Modern Tamil –
negation is, instead, expressed either morphologically or
syntactically. Modern spoken Tamil also shows a number of sound
changes, in particular, a tendency to lower high vowels in initial and
medial positions, and the disappearance of vowels between plosives
and between a plosive and rhotic.
Contact with European languages also affected both written and spoken
Tamil. Changes in written Tamil include the use of European-style
punctuation and the use of consonant clusters that were not permitted
in Middle Tamil. The syntax of written Tamil has also changed, with
the introduction of new aspectual auxiliaries and more complex
sentence structures, and with the emergence of a more rigid word order
that resembles the syntactic argument structure of English.
Simultaneously, a strong strain of linguistic purism emerged in the
early 20th century, culminating in the
Pure Tamil Movement which
called for removal of all Sanskritic and other foreign elements from
Tamil. It received some support from
Dravidian parties . This led to
the replacement of a significant number of
Sanskrit loanwords by Tamil
equivalents, though many others remain.
Tamil is the primary language of the majority of the people residing
Tamil Nadu ,
Puducherry , in
India and Northern Province , Eastern
Province , in Sri Lanka. The language is also spoken among small
minority groups in other states of
India which include
Andhra Pradesh ,
Maharashtra and in certain regions of Sri
Lanka such as
Colombo and the hill country . Tamil or dialects of it
were used widely in the state of
Kerala as the major language of
administration, literature and common usage until the 12th century AD.
Tamil was also used widely in inscriptions found in southern Andhra
Pradesh districts of Chittoor and Nellore until the 12th century AD.
Tamil was also used for inscriptions from the 10th through 14th
centuries in southern
Karnataka districts such as Kolar ,
There are currently sizeable Tamil-speaking populations descended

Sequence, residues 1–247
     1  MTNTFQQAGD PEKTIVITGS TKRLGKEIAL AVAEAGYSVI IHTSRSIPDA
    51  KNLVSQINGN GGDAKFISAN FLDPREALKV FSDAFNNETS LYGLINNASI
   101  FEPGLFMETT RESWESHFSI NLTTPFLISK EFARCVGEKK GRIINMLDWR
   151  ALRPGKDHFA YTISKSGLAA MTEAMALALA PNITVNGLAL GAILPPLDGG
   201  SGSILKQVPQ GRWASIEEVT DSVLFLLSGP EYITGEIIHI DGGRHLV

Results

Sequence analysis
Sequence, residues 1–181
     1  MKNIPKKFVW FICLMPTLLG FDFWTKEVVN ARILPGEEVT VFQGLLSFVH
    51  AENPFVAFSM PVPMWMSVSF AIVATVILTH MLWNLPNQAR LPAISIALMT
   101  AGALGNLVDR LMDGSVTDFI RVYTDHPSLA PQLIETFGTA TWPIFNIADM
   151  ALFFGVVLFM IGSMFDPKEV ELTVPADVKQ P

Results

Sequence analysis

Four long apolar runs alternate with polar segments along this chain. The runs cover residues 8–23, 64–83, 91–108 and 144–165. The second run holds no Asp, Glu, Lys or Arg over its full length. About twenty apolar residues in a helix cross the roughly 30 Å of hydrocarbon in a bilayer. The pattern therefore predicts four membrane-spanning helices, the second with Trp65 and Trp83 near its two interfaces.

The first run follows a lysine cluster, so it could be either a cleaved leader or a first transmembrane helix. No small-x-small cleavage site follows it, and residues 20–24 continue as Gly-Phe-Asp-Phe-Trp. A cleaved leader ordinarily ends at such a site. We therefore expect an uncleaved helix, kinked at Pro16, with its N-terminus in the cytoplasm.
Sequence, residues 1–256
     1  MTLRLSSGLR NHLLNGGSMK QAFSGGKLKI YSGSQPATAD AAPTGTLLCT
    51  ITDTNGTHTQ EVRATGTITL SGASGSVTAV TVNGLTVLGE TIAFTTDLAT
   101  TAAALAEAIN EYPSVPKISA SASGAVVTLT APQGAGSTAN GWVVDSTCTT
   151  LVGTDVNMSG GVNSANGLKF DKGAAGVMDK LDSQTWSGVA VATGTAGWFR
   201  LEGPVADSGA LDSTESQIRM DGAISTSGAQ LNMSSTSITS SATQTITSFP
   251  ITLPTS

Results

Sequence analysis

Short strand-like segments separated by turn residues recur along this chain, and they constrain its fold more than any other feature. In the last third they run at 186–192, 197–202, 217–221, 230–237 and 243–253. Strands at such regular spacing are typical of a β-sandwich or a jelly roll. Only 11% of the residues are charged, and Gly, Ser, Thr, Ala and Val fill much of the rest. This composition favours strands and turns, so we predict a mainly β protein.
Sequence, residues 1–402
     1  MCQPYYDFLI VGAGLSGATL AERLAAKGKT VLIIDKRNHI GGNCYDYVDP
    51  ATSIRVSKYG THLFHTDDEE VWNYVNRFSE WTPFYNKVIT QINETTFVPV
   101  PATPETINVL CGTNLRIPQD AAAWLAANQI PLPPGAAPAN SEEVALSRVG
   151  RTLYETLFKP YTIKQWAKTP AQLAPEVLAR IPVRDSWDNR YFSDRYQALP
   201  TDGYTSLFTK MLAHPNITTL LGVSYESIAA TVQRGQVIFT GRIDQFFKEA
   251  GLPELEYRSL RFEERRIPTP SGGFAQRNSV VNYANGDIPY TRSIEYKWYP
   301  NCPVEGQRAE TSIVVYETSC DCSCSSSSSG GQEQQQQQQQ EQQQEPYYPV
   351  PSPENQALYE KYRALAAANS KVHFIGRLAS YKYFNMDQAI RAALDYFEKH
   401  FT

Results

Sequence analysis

from colonial-era migrants in
South Africa , Indonesia, Thailand,
Burma , and Vietnam
. A large community of Pakistani
Tamils speakers exists in
Pakistan , which includes Tamil-speaking Hindus as well as
Christians and Muslims – including some Tamil-speaking Muslim
refugees from Sri Lanka. Many in
Fiji , Suriname
Trinidad and Tobago have Tamil origins, but only a small number
speak the language. In Reunion where the
Tamil language was forbidden
to be learnt and used in public space by
France it is now being
relearnt by students and adults. It is also used by groups of
Sri Lanka and India,
United States (especially
New Jersey and
New York City
New York City ),
many Middle Eastern countries, and some Western European countries.
Mahatma Gandhi 's written wishes in Tamil for
Multilingual signs with Tamil in
Sri Lanka (
Tsunami early warning
An electrical hazard sign in
Malaysia written in Tamil with other
Nameboard with Tamil at
Koneswaram temple at Thirukonamalai , Sri
A hospital sign in
Canada written in Tamil
A Multilingual danger sign in
Singapore with Tamil writing
Mauritius Currency note with Tamil 'இருநூறு
ரூபாய்' (200 rupee) written in the note with the man
wearing eyeglasses, written next to him.
A business in Edison ,
New Jersey , near
New York City
New York City
See also: States of
India by Tamil speakers See also: List of
territorial entities where Tamil is an official language
Tamil is the official language of the Indian state of
Tamil Nadu and
one of the 22 languages under schedule 8 of the constitution of India
. It is also one of the official languages of the union territory of
Puducherry and the
Andaman and Nicobar Islands
Andaman and Nicobar Islands . Tamil is also one
of the official languages of
Singapore . Tamil is one of the official
and national languages of Sri Lanka, along with Sinhala . It was once
given nominal official status in the state of
Haryana , purportedly as
a rebuff to Punjab , though there was no attested Tamil-speaking
population in the state, and was later replaced by Punjabi , in 2010.
In Malaysia, 543 primary education government schools are available
fully in Tamil medium . The establishments of Tamil medium schools
have been currently in process in
Myanmar to provide education
Tamil language by the
Tamils who settled there 200 years
Tamil language is taught in
Canada for the local Tamil minority
populations and the month of January has been declared "Tamil Heritage
Month" per legislation by the Canadian Parliament. Tamil also